Re: Satanic Algae, methods for leaching iron
> From: Todd Ellerbee <Todd_Ellerbee.DBS at dbsnotes_dbsoftware.com>
> And I also have a big algae problem. In fact, it's the algae from hell. I'm
> 99% sure it's the black brush algae [snip]
I think you're on the right track by checking phosphate and nitrate levels and
introducing CO2. This will definitely assist your plants in competing with the algae.
Once you have that in place; I'd suggest removing any leaves or objects with
too much algae and sterilizing your driftwood. One method is boiling it. (hard
with big pieces). Are other methods such as bleach effective or safe? I've used
a toothbrush and plain hot water on some of my rocks effectively. Algae never
really goes away entirely. You need healthy, vigorous plants which can produce
Subject: UG heating coils & RUG filters
Picked up my copy of the Optimum Aquarium over the weekend. Interesting reading
but we still are starving for better, newer scientific information. This book
goes a lot further than most and was good in that respect although, one should
remember the authors are principals in the Dupla organization (hence their
enthusiasm for Dupla methods :-) They have some important points to make:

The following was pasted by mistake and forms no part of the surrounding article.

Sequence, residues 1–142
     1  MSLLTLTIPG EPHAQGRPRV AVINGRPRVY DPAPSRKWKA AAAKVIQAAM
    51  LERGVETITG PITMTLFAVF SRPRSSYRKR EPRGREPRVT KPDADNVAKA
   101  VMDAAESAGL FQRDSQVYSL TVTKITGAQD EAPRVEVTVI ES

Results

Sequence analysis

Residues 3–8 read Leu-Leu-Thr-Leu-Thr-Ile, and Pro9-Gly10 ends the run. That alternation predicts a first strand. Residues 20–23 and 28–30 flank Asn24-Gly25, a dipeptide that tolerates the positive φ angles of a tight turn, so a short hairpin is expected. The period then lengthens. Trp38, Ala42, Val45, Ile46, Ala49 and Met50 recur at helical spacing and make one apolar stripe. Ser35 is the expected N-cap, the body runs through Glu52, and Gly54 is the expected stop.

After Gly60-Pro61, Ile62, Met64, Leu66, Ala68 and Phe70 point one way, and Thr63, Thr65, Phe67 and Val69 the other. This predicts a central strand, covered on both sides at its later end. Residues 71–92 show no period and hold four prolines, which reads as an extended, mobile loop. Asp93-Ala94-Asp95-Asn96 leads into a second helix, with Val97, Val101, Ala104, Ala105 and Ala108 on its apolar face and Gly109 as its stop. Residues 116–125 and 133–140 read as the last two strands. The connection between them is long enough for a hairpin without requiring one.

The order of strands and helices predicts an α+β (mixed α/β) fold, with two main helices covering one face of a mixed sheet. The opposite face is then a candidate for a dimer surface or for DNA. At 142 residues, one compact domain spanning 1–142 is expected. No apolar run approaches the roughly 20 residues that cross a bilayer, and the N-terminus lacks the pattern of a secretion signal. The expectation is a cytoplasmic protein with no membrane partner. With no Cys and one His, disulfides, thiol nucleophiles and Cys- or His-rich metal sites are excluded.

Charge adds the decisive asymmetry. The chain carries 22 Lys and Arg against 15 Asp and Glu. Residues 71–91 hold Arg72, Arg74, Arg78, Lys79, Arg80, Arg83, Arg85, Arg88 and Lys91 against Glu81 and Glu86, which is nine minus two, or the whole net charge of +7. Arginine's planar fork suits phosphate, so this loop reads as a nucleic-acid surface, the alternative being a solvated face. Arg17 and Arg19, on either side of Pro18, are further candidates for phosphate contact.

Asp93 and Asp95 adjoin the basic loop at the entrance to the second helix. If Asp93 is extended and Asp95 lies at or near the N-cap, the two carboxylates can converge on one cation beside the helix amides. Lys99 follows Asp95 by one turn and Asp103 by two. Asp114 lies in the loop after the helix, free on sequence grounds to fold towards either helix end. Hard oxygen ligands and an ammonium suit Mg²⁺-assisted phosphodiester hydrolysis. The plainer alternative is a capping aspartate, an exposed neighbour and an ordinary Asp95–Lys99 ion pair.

1) s-l-o-w circulation may be the critical factor: the LOW oxygen environment
in the substrate and the presence of HUMIC acids are thought to be what permits
the extremely high concentrations of available iron, magnesium, aluminum which
are observed in the underground springs found in the tropical Crypt streams.
The extremely high concentrations of iron silicates in the laterite soils was
felt to be critical.
2) it is virtually impossible to obtain the desired uniform and low circulations
by any other method except the heating coil in a reliable and repeatable manner.
Presumably the authors experimented with reverse undergravel systems and performed
dye circulation tests to determine that MOST of the flow in a RUG system will seek
the path of least resistance. Some circulation (at least initially) may occur in
the other zones but with time these will become clogged.
3) plant roots can also provide oxygen to the substrate to prevent anaerobic
Here's my concept: what if we take some 1-2" dia PVC tubing and fill it with
sand, organic material and laterite (or other iron rich clay) and place it in
the corner or bottom or even OUTSIDE the tank and allow water to leach through
this into the substrate. The substrate can be a mixture of vermiculite, sand or
fine gravel over a conventional UG filter plate or tubes. The outflow from the
leaching column could be directed under the substrate and provide circulation
to the substrate. Since much less organic material would be found in the
substrate, the problem of H2S formation should be much less! The organic
material could be humus, compost, peat or regular dirt. This would provide
humic acid which should be able to reduce some of the iron compounds. The
factors which require tuning are:
a) organic material b) % composition c) flow rate d) temperature? pH?